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Scot McKendrick

(fl Arras, 1419–64).

Burgundian painter and tapestry designer. He was a wealthy member of the Arras bourgeoisie and seems to have been a very successful artist. His first recorded work was the painting of mainly heraldic devices in memory of John the Fearless, Duke of Burgundy, at the abbey of St Vaast in 1419. The work was undertaken in such a short time and for a sufficiently large payment that he has been considered the head of an important workshop. In 1426 he was again paid for heraldic painting at Arras, and in 1454 he shared with Jacques Daret the supervision of the painting by Robert de Moncheaux (fl 1454–68) of the tomb of the abbot of St Vaast, Jean du Clercq (untraced).

Bauduin is best known for his execution of the designs for a set of tapestries of the History of Gideon (destr. 1794), considered the most outstanding tapestries owned by ...

Article

Scot McKendrick

(fl Arras, 1395–1429).

Burgundian tapestry-weaver. He is notable as the only documented 14th- or 15th-century high-warp weaver whose part in the production of an extant tapestry is certain. The tapestries of SS Piat and Eleuthère (Tournai, Notre-Dame Cathedral) were made and finished at Arras by Feré in December 1402, according to a lost inscription woven above four scenes and now preserved only in a 17th-century copy by Canon Dufief (Brussels, Bib. Royale Albert 1er, MS. 13762, p. 82). The same inscription stated that Feré made this work for Toussaint Prier (d 1437), a canon of Tournai Cathedral, to which he donated the tapestries. It is not clear from the inscription whether Feré was personally responsible for all or part of the weaving or acted as the overseer of a workshop. The tapestry itself, however, appears in its simplicity of materials, scale, and design to conform with the documentary evidence for Feré’s life....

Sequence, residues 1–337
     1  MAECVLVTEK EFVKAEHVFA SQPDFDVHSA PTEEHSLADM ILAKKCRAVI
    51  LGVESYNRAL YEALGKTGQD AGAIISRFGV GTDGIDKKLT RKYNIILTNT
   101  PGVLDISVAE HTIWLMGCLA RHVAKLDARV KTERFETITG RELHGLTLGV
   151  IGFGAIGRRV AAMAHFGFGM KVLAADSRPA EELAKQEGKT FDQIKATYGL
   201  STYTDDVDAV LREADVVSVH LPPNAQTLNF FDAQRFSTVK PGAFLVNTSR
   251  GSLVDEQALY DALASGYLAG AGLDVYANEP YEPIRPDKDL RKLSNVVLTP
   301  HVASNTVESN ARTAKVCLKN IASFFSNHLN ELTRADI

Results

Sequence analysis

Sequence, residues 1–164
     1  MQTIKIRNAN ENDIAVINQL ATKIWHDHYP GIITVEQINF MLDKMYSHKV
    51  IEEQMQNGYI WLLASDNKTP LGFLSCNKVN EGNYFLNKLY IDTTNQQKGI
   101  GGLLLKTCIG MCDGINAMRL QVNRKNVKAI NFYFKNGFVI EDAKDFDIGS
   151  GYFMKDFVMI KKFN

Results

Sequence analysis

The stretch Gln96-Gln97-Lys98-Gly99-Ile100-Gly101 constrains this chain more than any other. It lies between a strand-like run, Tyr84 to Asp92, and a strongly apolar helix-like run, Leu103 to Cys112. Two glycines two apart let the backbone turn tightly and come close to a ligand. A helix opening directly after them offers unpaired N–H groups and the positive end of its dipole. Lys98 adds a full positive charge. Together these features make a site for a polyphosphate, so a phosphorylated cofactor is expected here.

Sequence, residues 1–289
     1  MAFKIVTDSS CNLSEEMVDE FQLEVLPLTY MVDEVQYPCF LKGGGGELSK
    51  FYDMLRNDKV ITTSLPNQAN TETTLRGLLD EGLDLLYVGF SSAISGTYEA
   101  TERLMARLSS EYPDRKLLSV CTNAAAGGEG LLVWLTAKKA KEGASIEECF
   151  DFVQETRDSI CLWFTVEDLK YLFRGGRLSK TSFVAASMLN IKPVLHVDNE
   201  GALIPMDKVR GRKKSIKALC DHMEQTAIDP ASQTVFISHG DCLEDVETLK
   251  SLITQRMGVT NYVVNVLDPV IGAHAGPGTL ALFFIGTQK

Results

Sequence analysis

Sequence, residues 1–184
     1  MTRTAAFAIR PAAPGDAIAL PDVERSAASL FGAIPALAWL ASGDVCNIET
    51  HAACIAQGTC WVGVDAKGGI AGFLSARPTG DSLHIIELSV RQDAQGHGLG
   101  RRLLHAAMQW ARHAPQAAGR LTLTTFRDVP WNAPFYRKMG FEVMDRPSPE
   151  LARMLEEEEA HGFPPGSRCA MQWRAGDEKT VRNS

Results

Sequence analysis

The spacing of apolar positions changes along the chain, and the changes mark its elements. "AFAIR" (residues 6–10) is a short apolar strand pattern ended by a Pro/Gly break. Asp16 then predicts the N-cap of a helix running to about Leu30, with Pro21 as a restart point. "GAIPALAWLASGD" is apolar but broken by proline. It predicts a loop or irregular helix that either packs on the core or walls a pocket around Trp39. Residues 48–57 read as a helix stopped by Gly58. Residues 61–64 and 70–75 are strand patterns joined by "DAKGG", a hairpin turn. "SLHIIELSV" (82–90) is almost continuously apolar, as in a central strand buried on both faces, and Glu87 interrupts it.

Article

Anne Hagopian van Buren

(b Paris; fl Brussels, 1448; d c. 1468).

Franco-Flemish illuminator, scribe and designer. He was first paid for restoring old books and writing and illustrating new ones for Philip the Good, Duke of Burgundy, on 26 January 1448, a task that he continued for the next eight years, being rewarded with the title of ducal valet de chambre in October 1449. In 1456 he ceased this exclusive work; in order to widen his clientele, he purchased citizenship in Bruges the following year, probably because of a new ordinance limiting the practice of illumination to citizens. He paid dues to the Bruges guild until 1462 but continued to live in Brussels near the ducal palace on the Coudenberg. Here he joined the Brotherhood of the Holy Cross in 1463, the membership of which comprised ducal servants and city leaders, including Rogier van der Weyden. In 1464 Jean became valet de chambre to the Duke’s heir, Charles de Charolais; he was probably still alive in ...

Article

Patrick M. de Winter

(b ?nr Liège, c. 1410; d Aix-en-Provence, c. 1476).

Embroiderer and painter. Possibly in the circle of Jan van Eyck, he was apparently active at the Burgundian court in the early 1430s. It was perhaps in Dijon, while a prisoner there in 1435–6, that René, Duke of Anjou, engaged him; Pierre is documented in Naples with René in 1440. The artist’s first wife was Ydria Exters ‘d’Allemagne’ (d 1460), a widow and the mother of Barthélemy d’Eyck, presumably René’s chief painter. In 1444 Pierre du Billant painted a chariot for René’s daughter Margaret (1430–82) for her engagement to Henry VI, King of England, and in 1445 he received the substantial payment of 404 livres ‘pour ouvraiges de broderies faits à Tours’. In 1447 he painted on canvas a St Mary Magdalene (untraced), which René sent to his wife. Pierre headed a workshop in which his principal assistant is identified as Jean Gaultier. In 1448 he received 173 livres for unspecified works. In ...

Article

Louise S. Milne

[Jean de Bruxelles]

(fl 1498–1521).

South Netherlandish painter and designer of tapestry cartoons, stained-glass windows, and sculpture. He is first documented in 1498, as a Brother of Our Lady of the Seven Sorrows, and later became court painter at Mechelen and Brussels to Margaret of Austria, Regent of the Spanish Netherlands. Jan’s widely imitated tapestry designs, filled with graceful, melancholic figures set in a mixture of Late Gothic and Renaissance architecture, helped to create a uniform style in Brussels tapestries in the first quarter of the 16th century. The basis for attributing tapestries to Jan, or his workshop, is the documented series of the Story of Herkinbald (Brussels, Musées Royaux A. & Hist.), which was made for the Confraternity of the Holy Sacrament at Leuven and for the design for which Jan was paid 2.5 Rhenish guilders and some wine in 1513. His collaborators were the painter ‘Philips’ [Maître Phillipe] and the weaver ‘...